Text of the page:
Brexit: Medical devices implications

By Sally Shorthose


The UK exited the EU on 31st January 2020.  By virtue of the transition period in the Withdrawal Agreement, EU law will continue to apply in and in relation to the UK only until the 31st December 2020.  The EU Treaties, EU free movement rights and the general principles of EU law will then cease to apply in relation to the UK, and prior EU regulations will only continue to apply in domestic law (by virtue of the European Union (Withdrawal) Act 2018) insofar as they are not modified or revoked by regulations under that 2018 Act. 

This article sets out the implications of Brexit on the UK Life Sciences industry as from the end of the transition period.  For an explanation of the finalised Withdrawal Agreement, please see here.

This article is part of our Brexit series; medical devices businesses will be affected by many of the implications identified throughout this series and, in particular, our note on the English Intellectual Property law implications of Brexit and Brexit: Life Sciences Implications.

What is the current position?

As EU law will continue to apply in relation to the UK until 31 December 2020, during that so called transition period, the status quo will be maintained as much as possible, and in that short term the answer is that it should be "business as usual" for the medical devices sector in the UK.  Plans need however to be made immediately, to the extent they are not already underway, for the significant changes that will occur thereafter.  During the transition period, the nature of the relationship between the EU and the UK, will be determined, including that in relation to trade and regulation.  .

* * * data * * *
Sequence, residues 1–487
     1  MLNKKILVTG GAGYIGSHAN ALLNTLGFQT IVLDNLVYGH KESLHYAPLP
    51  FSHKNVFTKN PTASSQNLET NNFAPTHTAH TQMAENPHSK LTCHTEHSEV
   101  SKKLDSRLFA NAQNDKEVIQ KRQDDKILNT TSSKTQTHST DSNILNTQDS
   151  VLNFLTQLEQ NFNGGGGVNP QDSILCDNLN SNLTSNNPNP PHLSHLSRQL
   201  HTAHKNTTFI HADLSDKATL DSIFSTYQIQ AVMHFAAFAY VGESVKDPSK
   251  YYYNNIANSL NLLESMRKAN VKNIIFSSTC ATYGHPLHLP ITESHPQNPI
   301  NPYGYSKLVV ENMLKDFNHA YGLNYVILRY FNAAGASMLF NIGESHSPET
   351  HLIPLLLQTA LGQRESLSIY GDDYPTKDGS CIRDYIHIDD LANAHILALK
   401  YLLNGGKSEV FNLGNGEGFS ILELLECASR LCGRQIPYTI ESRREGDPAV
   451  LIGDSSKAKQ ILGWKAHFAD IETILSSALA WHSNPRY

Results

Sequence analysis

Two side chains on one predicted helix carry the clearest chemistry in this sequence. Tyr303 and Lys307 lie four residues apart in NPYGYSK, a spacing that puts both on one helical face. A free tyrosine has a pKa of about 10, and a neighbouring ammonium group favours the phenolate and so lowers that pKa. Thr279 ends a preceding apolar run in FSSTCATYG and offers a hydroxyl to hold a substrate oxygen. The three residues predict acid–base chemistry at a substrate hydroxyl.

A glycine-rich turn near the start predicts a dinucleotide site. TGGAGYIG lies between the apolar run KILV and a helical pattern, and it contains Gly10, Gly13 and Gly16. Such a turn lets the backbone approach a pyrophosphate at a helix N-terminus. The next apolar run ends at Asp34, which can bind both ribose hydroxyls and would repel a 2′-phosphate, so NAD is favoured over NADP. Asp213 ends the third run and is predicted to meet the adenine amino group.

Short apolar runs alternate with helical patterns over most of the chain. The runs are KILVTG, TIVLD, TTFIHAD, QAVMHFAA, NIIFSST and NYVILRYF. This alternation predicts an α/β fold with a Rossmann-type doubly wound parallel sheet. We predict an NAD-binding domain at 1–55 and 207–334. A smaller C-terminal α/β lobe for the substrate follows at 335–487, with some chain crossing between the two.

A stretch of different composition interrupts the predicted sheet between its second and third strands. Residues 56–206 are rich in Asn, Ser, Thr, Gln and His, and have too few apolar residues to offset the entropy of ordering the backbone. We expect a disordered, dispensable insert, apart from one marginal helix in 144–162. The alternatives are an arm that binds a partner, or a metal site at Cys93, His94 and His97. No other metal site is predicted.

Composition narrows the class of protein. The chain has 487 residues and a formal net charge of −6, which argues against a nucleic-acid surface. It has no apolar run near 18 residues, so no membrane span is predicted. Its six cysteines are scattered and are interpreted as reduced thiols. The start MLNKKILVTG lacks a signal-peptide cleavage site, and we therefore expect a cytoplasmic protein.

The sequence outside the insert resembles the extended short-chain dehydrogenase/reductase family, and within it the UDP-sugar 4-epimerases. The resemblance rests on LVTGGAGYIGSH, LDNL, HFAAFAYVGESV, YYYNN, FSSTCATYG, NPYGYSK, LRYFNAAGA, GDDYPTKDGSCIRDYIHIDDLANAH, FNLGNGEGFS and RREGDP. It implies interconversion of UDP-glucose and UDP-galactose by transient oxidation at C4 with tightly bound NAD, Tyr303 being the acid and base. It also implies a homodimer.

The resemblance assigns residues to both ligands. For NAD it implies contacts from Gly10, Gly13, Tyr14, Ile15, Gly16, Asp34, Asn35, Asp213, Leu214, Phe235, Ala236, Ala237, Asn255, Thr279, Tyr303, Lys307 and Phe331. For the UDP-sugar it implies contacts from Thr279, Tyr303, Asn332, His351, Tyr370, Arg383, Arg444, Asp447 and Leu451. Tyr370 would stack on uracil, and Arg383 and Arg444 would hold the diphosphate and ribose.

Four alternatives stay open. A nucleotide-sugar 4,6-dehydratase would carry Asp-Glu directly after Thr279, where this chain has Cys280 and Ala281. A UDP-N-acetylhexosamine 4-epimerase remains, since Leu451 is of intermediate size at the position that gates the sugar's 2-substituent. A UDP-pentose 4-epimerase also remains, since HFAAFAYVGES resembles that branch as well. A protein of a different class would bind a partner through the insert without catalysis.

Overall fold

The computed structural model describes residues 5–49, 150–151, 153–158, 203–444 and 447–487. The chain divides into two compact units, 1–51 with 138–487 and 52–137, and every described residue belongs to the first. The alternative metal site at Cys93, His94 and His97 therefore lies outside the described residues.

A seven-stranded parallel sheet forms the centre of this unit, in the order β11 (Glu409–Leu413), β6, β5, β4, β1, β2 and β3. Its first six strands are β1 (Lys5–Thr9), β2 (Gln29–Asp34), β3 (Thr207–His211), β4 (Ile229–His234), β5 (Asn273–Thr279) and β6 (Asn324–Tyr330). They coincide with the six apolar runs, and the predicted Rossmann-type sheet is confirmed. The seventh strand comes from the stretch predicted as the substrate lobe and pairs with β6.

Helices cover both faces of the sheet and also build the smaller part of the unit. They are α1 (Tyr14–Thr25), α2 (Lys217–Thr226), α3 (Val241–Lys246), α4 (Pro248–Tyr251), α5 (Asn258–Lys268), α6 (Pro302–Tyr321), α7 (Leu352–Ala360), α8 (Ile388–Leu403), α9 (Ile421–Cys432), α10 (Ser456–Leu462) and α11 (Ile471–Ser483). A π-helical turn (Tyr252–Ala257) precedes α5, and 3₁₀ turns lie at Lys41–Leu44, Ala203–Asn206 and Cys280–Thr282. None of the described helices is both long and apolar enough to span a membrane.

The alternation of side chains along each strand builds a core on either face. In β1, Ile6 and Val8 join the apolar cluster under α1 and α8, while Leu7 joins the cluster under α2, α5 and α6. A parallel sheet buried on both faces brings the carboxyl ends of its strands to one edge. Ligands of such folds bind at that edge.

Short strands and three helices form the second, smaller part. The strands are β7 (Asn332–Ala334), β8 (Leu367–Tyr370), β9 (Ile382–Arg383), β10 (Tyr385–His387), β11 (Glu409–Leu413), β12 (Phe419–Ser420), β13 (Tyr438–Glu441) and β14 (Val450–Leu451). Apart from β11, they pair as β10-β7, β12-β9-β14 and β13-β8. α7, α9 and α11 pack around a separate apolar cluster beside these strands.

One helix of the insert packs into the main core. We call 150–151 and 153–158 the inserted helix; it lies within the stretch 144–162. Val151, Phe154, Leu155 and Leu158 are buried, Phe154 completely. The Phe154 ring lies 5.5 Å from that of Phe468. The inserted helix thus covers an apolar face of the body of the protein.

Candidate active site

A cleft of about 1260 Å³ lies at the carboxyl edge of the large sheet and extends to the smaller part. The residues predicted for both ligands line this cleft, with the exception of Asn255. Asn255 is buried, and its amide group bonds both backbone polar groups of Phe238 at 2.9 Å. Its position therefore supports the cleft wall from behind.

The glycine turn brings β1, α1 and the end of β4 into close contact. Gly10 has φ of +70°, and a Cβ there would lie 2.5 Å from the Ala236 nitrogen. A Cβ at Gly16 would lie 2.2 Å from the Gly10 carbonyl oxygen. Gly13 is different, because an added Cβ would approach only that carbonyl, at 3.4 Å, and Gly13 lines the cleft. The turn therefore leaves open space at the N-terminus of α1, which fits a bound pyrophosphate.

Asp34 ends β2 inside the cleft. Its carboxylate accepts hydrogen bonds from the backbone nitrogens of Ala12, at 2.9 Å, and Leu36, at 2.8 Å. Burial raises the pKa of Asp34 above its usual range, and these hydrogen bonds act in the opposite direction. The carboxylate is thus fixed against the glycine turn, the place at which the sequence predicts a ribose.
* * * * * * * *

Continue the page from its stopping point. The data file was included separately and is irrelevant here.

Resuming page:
The effects on the medical devices sector of Brexit are likely to be substantial. This is because the UK will no longer be part of the EU system, and products authorised in the UK will not be valid for sale in the EU – a separate certification from an EU based notified body will have to be obtained: a conformity assessment for Class II and Class III products  and CE marking for Class I products.

Furthermore, manufacturers and distributors of medical devices or IVDs which do not have a registered office in EU27 will need to appoint an EAR or EC Rep (European Authorised Representative).  The EC Rep is responsible for the products on the market in the name of the manufacturer and acts a contact for the authorities.  Quality Management and safety officers will be required to ensure compliance under the Medical Devices Regulations.

The Medical Devices (Amendment etc.) (EU Exit) Regulations 2019 (UK MDR 2019) amend UK legislation to reflect the new regime for the UK’s departure from the EU, and transpose all the key elements in EU legislation (such that the UK will be bound by the revised Regulations until 2022 at least, along the transitional timetable established for that legislation).

The exact ramifications of Brexit, in terms of what the relationship between the respective competent authorities and notified bodies will be post-Brexit,  are yet to be determined and we therefore suggest the best policy at this time is to be prepared by keeping up to date as the process develops.  Although many commentators have hoped for some degree of mutual recognition of standards, the UK government has indicated that this is not what they will be seeking in negotiations, and EU has given no indication that the UK will be treated as other than a third country like any other.

This article is part of our Brexit series

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